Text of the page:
5. The learned counsel Sh. Ganesan, appearing for the assessed, filed a paper book consisting of 103 pages, which comprised of the submissions in relation to the issue under appeal before the lower authorities, the orders of the Assessing Officer dated 15-3-1982, passed under the Central Sales Tax Act, the calculation of the element of tax included in the penalty, the Balance Sheet and Profit & Loss account of the assessed firm. He advanced his arguments on the same lines as were done before the lower authorities and placed reliance on the Bombay High Court ruling in CIT v. Pannalal Narottamdas & Co.  67 ITR 667. He pleaded that, the Bombay High Court (supra) considered the situation of unauthorised import of materials and the imposition of penalty to avoid confiscation and it was held that the payment of penalty paid to avoid confiscation, which would result in the loss of goods to the assessed resulted in the addition to the cost of the goods and hence allowable. He accordingly pleaded, that, in the instant case too, the situation is similar to wrongful confinement of the raw materials and thus, the penalty is in the nature of additional tax. He pleaded that, it is not the case of the assessed, that, the whole of the penalty relates to the additional tax, but, that, it includes the element of tax to the extent of the difference in rate of tax as leviable as if the assessed is not a registered dealer and the concessional tax already enjoyed by it. He submitted that, he had worked out the additional tax amount and the penalty amount and on this basis, his claim was limited to Rs. 9,60,494. He then drew our attention to the M. P. High Court ruling in Simplex Structural Works (supra) and submitted that, in that case, the penalty as was imposed under the M. P. Gen. Sales Tax Act as well as section 10A of the Central Sales Tax Act were examined and it was held that the penalty imposed was not for any infraction of law and therefore, was held as allowable under section 37(1) of the Income-tax Act. He then placed reliance on another Madhya Pradesh High Court ruling in CIT v. S. S. Ratanchand Bholanath  160 ITR 500. He also drew our attention to the Supreme Court ruling in the State of Madras v. Radio & Electricals Ltd.  18 STC 222, for the proposition that the dealer who sells the goods under a mistaken impression about the genuineness or the correctness of the certificate, could not be penalised at all. He submitted that the penalty came to be imposed for the reason that the three corporations had made the assessed to manufacture the gas cylinders as if the cylinders were to be sold by them, but in fact, they were using the cylinders for packaging the liquid gas and it was only the gas that was sold and not the cylinder itself. He also placed reliance on the Supreme Court ruling in Kedarnath Jute Mfg. Co. Ltd. v. CIT  82 ITR 363, for the proposition that, the liability came to be fastened on the assessed, by means of the demand made vide order dt. 15-3-82 and therefore, the liability was rightly claimed in the year. He therefore pleaded, that, the claim to the extent of Rs. 9,60,494 should be allowed the deduction.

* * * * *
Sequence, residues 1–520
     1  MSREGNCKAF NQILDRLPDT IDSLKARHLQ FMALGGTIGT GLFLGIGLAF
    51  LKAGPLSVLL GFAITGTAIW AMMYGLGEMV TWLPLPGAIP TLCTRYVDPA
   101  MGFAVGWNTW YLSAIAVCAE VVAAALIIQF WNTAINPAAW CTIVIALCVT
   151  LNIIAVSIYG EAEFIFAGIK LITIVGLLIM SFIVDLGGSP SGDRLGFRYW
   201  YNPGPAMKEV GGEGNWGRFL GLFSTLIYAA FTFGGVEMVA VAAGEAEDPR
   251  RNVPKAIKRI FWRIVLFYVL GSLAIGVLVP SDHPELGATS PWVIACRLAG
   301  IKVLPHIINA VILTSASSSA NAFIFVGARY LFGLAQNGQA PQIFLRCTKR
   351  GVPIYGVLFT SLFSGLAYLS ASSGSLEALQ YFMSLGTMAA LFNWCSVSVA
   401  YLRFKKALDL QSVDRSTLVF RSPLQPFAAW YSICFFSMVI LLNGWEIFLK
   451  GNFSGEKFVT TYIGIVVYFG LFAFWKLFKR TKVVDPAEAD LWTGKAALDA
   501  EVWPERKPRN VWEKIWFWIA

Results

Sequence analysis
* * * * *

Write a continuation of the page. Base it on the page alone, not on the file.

6. The learned DR Sh. Puneet Gangal pleaded, that, the Central Sales Tax Act only talks of penalty and not penalty in lieu of the tax and therefore, the plea as advanced by the assessed needs to be rejected. He also placed reliance on the orders of the lower authorities.